Yeske Buie Investment Updates

Yeske Buie Investment Updates

New Blended Benchmark
We’ve added a new blended benchmark to our monthly portfolio performance reports that we thought you’d like to hear about.  Beginning with the current batch of reports posted a few days ago, a new blended benchmark appears in several places. First, the graph on page three showing the cumulative return to your portfolio “since inception,” is now accompanied by a blended benchmark designed to match your portfolio’s relative allocation to stocks and bonds.  The returns to this blended benchmark also appear on the Portfolio Performance Page, matched to each of the four reporting periods (Year-to-Date, 12-months, 3-Years, and since inception).

The benchmark is formed by combining the Citigroup World Government Bond Index 1-5 Years (hedged to the US Dollar) and the MSCI All Country World Index (ACWI). This benchmark resembles your portfolio in that it represents a “neutral” geographic allocation, weighting each country’s share of the index in a way that’s proportional to its share of the world market (for more on this, see “Portfolio Strategy Update: Toward a Truly Global Portfolio”). The stock portion of the benchmark is also “market weighted,” which means it holds stocks according to their relative share of the market.  This results in the benchmark being skewed toward larger, blue chip stocks. As an example of the impact of “market-weighting,” the Wilshire 5000 Index, which represents the 5000 largest stocks in the U.S. is also market-weighted. As a consequence of this, 70% of the value of the index is accounted for by the largest 500 stocks out of 5,000.  Thus, while buying the Wilshire 5000 Index theoretically gives you exposure to both large and small company stocks, it behaves more like a large stock index because so much weight is given to the largest 500.  For all practical purposes, the Wilshire 5000 Index is little different from the S&P 500.

Since the blended benchmark is market-weighted, it allows us to measure the impact of the strategic decision we’ve made to significantly dial up your exposure to small company and value stocks. We hope you find the new benchmark useful and informative!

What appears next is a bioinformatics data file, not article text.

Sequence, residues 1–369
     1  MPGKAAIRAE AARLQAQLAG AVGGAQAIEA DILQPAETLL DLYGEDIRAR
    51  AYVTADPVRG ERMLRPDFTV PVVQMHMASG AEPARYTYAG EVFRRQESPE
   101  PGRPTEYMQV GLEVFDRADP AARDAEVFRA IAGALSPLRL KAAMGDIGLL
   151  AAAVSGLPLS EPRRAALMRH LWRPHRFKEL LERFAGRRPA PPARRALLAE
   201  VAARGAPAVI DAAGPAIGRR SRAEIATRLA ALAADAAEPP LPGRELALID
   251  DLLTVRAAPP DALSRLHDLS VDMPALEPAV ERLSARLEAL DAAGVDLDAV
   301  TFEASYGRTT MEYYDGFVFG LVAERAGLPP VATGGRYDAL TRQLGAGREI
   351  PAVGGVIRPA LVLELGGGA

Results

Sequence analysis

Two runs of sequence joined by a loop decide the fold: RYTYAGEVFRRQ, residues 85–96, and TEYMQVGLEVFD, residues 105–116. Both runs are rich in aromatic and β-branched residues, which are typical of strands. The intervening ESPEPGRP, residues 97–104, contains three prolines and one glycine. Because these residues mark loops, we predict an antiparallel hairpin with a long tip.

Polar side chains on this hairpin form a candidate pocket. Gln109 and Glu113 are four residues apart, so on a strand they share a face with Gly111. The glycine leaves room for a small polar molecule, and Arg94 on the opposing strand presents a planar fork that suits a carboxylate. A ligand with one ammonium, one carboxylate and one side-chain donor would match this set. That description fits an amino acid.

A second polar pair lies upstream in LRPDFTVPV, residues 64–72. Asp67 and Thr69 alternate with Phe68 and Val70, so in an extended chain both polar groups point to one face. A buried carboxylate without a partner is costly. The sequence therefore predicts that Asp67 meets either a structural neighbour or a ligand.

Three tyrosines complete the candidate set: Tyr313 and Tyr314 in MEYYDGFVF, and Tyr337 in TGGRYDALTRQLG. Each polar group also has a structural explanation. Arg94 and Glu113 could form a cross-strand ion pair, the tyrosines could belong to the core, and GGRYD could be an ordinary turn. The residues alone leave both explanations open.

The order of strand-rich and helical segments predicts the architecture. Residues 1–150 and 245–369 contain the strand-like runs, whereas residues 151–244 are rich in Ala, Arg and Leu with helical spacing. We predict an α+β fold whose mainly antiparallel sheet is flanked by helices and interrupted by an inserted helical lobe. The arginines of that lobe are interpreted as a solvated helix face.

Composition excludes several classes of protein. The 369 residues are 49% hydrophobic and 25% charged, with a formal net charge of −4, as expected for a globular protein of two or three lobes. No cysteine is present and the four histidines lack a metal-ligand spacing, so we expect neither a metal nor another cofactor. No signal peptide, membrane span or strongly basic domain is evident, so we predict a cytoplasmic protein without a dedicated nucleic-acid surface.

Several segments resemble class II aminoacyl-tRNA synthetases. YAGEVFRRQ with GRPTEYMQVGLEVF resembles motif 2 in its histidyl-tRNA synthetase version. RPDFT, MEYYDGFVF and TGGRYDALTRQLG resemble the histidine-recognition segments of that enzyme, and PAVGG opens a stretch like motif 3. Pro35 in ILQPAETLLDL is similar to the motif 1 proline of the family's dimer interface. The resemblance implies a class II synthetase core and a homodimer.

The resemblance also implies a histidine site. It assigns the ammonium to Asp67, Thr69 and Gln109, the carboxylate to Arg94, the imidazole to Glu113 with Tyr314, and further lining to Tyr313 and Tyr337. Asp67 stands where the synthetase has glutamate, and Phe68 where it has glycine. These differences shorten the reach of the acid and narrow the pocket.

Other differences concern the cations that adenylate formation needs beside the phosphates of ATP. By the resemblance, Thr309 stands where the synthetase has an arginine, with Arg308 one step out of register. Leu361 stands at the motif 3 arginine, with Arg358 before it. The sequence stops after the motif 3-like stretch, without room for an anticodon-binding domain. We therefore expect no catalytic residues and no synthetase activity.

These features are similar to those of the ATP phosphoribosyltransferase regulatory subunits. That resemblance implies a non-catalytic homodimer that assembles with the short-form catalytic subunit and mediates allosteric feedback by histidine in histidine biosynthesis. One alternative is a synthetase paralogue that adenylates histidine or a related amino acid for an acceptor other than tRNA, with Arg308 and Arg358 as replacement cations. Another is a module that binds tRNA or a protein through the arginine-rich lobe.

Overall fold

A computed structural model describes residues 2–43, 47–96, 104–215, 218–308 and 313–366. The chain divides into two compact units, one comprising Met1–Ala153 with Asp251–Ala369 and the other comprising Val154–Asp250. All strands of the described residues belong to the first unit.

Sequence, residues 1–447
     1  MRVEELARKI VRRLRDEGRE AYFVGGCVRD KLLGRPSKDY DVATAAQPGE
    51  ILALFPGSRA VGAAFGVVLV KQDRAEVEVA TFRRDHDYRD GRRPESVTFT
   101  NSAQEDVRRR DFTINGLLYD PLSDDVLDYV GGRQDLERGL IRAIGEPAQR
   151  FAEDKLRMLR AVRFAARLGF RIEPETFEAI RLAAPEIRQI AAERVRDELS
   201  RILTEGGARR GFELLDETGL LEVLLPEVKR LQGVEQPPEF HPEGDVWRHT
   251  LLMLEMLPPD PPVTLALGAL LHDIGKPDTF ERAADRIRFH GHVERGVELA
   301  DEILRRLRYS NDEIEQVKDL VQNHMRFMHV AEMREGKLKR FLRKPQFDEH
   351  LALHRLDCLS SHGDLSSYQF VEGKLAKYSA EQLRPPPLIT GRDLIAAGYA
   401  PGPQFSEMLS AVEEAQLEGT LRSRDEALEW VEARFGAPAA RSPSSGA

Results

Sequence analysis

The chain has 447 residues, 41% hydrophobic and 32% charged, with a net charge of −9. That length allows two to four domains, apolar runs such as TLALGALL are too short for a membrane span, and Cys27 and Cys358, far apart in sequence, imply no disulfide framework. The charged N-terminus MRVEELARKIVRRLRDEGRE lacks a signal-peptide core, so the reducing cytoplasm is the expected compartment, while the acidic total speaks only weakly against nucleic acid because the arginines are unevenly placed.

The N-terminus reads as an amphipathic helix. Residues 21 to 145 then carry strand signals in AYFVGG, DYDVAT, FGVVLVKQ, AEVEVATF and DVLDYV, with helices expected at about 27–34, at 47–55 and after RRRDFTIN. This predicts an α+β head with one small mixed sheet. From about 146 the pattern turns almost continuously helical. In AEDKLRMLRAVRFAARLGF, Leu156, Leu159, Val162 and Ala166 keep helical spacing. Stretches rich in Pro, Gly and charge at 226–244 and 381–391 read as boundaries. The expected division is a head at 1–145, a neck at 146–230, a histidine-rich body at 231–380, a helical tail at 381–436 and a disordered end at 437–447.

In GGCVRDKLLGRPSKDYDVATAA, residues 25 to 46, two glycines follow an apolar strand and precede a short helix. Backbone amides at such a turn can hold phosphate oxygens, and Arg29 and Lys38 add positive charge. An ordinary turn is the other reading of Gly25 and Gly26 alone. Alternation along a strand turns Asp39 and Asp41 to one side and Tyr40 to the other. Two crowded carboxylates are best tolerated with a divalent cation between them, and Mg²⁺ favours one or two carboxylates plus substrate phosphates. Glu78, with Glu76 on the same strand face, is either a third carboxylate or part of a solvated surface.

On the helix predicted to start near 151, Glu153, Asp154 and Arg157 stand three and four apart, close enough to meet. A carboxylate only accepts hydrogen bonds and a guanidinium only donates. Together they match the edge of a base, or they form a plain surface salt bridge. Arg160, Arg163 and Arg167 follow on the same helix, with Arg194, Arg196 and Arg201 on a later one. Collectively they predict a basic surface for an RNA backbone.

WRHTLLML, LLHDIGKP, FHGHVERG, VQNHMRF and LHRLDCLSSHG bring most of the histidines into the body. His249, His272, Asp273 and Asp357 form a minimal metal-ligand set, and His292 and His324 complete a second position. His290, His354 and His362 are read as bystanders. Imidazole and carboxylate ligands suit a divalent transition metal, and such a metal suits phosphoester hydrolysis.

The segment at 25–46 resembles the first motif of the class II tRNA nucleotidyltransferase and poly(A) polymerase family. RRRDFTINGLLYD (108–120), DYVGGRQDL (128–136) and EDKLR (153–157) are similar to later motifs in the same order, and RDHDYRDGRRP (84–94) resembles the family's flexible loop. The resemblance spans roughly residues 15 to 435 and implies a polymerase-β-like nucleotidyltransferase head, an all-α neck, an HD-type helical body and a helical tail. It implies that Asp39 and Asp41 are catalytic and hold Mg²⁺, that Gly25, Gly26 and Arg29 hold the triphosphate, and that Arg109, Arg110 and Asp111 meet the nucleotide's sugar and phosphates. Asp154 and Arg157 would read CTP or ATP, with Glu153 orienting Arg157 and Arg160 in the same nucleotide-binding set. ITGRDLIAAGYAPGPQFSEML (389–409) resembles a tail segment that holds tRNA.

Market Weights vs Yeske Buie Core Portfolio* source: Russell Investments

New Small Account Portfolio
One of the challenges we face when managing portfolios is keeping transaction costs as low as possible. The Vanguard and DFA mutual funds and the exchange-traded funds (ETFs) that we use to construct our core portfolio are all subject to transaction fees when we trade. For larger transactions, these fees are quite modest and of little consequence.  These transaction fees are subject to minimums, however, so on very small transactions, the kind that occur when we’re investing or rebalancing a smaller account, the fee can become significant.   To deal with this, we’ve always had a “small account” model that used no-transaction-fee (NTF) funds available in the Schwab Mutual Fund Marketplace. We would choose a mix of NTF funds that we felt got us as close as possible to the “ideal” represented by our larger account model. These smaller account models were never ideal and represented a compromise between expenses and asset allocation. In recent years, however, Schwab has been developing a growing number of low-cost, no-transaction-fee index funds, which now represent enough depth and breadth that we feel we can build a much more attractive small-account portfolio exclusively from these Schwab index funds.  A further advantage is that these can be purchased in increments as low as $100 each, making this new model feasible for the smallest of accounts. If you have a small account, a rollover IRA, for example, you’ll see trades in the coming days as we make the shift to this new portfolio.  The chart below shows the core stock allocations; a bond index fund is added to bring each portfolio to its appropriate balance.

You’ll note that several of the funds include the word “fundamental” in their title.  This refers to an indexing technique that weights individual stocks within the index by sales or dividends rather than by market capitalization. Stocks whose prices are low relative to sales or dividends generally fall into the category of value stocks, so these indexes have a significant “value tilt,” which we like to engineer into every client portfolio.

Dave Yeske